AUSTERITY MEASURES

Economy Minister wants income tax hike to remain in place in 2014

“Spain’s primary objective is to reduce the public deficit,” De Guindos said

Luis de Guindos, Spain' s economy minister (l), left speaks with Wolfgang Schaeuble Germany' s finance minister in Brussels on Tuesday.
Luis de Guindos, Spain' s economy minister (l), left speaks with Wolfgang Schaeuble Germany' s finance minister in Brussels on Tuesday.Jock Fistick (Bloomberg)

Spanish Economy Minister Luis de Guindos on Tuesday indicated that the hike in personal income tax approved as part of the government’s austerity drive is likely to remain in place in 2014.

Prime Minister Mariano Rajoy had suggested a week ago that the tax hike, which adds 6.5 billion euros a year to the state’s coffers, could be reversed in 2014.

“The primary objective of Spain is to reduce the public deficit,” De Guindos told reporters after a meeting of European economy and finance ministers in Brussels. “This is absolutely priority. We have to look at the development of the deficit in a far from benign environment, with a recession in the whole of the euro zone.”

The European Union commissioner for economic and monetary affairs, Olli Rehn, urged Spain to start readying the budget for 2014 at the last G20 meeting. The Commission last week predicted that the deficit in 2014 would increase to 6.4 percent from 6.0 percent in 2013 due to the fact that a number of measures introduced by the government to address the shortfall were of a temporary nature.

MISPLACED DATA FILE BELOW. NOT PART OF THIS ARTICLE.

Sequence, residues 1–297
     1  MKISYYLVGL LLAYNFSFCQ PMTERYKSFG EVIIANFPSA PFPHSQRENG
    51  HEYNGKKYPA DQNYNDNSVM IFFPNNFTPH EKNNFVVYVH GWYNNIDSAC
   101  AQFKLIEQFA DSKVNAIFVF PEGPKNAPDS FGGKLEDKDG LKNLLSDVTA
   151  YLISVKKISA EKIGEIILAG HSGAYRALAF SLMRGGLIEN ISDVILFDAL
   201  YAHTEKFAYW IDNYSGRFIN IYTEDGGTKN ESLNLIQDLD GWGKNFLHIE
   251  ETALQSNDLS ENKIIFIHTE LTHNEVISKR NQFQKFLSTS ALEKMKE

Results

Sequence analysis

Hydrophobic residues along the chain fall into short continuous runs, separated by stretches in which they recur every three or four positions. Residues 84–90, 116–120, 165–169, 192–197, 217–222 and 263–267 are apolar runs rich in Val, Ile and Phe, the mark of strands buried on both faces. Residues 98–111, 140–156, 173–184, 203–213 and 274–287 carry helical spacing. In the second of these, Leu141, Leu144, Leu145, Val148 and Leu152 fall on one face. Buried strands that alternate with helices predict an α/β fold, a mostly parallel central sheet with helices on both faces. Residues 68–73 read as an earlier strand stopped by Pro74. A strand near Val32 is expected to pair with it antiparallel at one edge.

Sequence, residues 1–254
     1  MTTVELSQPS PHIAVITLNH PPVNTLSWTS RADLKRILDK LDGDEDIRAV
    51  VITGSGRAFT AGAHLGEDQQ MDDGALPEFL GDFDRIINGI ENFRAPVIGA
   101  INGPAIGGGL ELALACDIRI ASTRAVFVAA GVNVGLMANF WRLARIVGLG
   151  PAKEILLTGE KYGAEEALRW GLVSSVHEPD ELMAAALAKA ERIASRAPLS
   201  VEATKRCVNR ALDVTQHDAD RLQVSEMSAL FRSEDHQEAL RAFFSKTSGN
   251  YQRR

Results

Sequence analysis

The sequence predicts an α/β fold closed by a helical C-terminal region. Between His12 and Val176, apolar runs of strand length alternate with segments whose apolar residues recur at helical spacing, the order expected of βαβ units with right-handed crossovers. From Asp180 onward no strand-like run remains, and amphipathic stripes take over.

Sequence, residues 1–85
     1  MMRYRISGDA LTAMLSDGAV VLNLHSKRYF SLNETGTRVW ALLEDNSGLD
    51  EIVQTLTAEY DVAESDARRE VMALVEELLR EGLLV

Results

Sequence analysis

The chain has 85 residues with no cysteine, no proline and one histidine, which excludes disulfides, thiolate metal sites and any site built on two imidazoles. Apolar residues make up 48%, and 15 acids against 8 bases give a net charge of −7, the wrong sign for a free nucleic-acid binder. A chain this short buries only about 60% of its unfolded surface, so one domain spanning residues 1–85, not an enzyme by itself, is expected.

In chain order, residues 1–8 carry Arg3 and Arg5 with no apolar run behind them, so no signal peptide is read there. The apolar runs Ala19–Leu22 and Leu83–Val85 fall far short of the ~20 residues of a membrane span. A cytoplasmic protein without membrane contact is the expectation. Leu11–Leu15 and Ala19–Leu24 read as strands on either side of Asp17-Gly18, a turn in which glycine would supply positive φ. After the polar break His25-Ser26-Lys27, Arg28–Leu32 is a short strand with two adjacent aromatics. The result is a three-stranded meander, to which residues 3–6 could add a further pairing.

De Guindos insisted that the recent renewed pick-up in Spain’s risk premium was not due to the weak outlook for the economy this year and the next, nor the expected failure to meet the deficit targets, but to concerns regarding Greece. “The risk premium has risen over the past few days because of the situation in Greece; the proof of this is that not only has Spain’s risen, other countries have the same problem.”

The euro zone put off until next Tuesday deciding on a solution for Greece’s financial woes. De Guindos estimated Spain’s exposure to Greece to be at 25 billion euros, including Spain’s contribution to European rescue funds, as well as guarantees and bilateral loans.

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